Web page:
And that's what I feel like, C is - that's the tool. That's the CPU. That's your tool. And that's what you have to really learn, otherwise, you're gonna be sitting there one day, and you're gonna be spending 8 hours trying to debug something, and none of it's going to make any sense. Because what's going on under the covers has not been explained to you. You've just been told how to adjust the two volume controls.

Atwood: Right.

Spolsky: And that's just a good point to quit, a good point to get a lot of feedback from our listeners, because I think we're sort of probably set of a huge holy war here. Maybe I'm overestimating the value of C.

Atwood: Well you're the one who said we shouldn't be putting those disclaimers in when we talk, just say whatever we thought ...

Spolsky: Yeah, because everything has to be disclaimered so much anyway. This is obviously just my opinion, but some people are going to find this interesting.  If you do find this interesting, please, figure out how to record MP3's on your computer, it's very simple, you could get a program called Audacity, which is free, or you could just use the sound recorder that's built into Windows and record it and then use this GNU program called LAME, which will convert it into MP3. And then email them to:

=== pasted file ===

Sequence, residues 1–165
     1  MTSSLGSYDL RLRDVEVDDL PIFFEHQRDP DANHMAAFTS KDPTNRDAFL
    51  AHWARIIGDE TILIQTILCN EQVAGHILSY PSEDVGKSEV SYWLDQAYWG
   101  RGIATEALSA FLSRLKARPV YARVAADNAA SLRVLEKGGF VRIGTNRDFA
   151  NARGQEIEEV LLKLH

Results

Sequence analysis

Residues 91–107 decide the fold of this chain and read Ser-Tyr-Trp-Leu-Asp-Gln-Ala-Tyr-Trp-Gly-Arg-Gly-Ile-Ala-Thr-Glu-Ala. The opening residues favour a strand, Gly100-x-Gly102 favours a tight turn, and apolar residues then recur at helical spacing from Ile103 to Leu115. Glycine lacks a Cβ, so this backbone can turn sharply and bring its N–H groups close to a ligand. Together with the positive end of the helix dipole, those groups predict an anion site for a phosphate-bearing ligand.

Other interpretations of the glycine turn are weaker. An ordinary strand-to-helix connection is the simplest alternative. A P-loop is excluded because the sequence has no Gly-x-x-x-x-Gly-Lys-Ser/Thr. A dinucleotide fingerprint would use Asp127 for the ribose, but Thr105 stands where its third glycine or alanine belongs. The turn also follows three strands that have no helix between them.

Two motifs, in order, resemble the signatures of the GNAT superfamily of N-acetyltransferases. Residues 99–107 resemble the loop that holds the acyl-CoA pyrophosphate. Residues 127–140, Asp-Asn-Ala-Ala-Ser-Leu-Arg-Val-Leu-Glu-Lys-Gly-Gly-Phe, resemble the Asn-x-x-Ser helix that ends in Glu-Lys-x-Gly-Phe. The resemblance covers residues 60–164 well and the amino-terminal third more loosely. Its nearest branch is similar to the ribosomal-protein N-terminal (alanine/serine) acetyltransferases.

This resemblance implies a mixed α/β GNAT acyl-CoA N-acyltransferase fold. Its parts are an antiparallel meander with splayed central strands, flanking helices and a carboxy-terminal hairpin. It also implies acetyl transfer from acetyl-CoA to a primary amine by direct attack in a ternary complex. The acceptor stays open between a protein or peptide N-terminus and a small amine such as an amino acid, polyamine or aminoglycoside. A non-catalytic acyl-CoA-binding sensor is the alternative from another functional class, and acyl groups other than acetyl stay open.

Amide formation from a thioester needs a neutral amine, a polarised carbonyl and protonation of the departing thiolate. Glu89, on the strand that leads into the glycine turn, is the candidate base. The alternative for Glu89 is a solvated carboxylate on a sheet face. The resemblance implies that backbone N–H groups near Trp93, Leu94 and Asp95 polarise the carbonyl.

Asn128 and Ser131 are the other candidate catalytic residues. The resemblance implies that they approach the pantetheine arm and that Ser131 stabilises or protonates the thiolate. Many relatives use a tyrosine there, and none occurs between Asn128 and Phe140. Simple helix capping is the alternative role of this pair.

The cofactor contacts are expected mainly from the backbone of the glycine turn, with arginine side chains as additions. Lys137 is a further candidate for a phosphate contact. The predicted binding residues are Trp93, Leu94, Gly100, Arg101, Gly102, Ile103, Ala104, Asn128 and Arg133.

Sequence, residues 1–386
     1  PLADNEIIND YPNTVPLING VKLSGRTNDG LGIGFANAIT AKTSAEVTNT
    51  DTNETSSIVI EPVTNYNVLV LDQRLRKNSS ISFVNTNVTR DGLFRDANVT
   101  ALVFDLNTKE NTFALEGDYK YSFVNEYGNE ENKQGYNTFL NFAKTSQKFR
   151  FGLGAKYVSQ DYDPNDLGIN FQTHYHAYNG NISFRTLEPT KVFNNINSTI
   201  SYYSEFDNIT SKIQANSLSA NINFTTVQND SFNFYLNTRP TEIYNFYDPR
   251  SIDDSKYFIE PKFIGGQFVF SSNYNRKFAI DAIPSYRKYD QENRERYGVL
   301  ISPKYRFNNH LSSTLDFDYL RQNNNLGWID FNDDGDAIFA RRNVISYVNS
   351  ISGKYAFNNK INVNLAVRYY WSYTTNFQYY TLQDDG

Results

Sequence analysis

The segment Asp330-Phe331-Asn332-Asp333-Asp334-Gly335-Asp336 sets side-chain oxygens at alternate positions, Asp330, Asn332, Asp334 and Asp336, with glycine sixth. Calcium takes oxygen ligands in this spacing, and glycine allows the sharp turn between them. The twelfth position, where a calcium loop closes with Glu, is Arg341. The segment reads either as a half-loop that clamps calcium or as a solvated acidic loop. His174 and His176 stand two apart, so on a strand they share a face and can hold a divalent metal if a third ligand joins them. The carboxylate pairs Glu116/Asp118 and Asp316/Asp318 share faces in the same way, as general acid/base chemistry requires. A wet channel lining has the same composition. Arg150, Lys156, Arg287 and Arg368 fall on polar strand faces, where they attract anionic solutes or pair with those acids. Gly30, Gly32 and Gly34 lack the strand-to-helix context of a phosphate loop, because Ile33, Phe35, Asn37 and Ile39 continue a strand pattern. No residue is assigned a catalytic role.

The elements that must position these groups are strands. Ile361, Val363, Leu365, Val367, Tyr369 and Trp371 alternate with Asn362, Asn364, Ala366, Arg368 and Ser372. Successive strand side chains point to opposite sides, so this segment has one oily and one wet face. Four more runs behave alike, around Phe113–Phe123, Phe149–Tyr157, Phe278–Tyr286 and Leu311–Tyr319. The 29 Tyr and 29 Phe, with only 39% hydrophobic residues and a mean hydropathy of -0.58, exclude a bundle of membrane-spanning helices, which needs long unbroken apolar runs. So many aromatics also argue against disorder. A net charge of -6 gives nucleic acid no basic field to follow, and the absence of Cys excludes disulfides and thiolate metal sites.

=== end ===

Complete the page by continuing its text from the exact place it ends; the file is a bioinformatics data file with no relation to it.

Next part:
Spolsky:  Uh, we'll get those throughout the week.  We listen to most of them.  We read, um, you're text if you write text.  Uh... keep it under 90 seconds 'cause uh, we're trying to keep this whole thing -- and as you can tell um... uh, y'know, the shorter you make it, the, the, the better it fits into our program so the more likely we are to use it.  So, um, keep it quick, uh, record it as loudly and as clearly as you can, send it to uh, um,, and you might get on next week's show.

Anything else?

Atwood: Uh, no, I think we can talk about some other stuff next week: we'll have lots.

Spolsky: Alright, we will talk to you again next week.  Thank you very much from, coming to you from... I don't know what to -- we need a sign-off thing; "Keep your, your feet in the ground and your head reaching to the sky."  Or...

Atwood: "Keep your feet on the ground, and keep reaching for the stars."

Spolsky: Thank you!

Atwood: That's Casey Kasem.

Spolsky: Casey Kasem.  That's right, I knew it was something like that.

Atwood: Yeah

Spolsky: Alright, seeya next week.

Atwood: Alright, bye.

[46:14 ends]

Last Modified: 6/5/2013 7:16 PM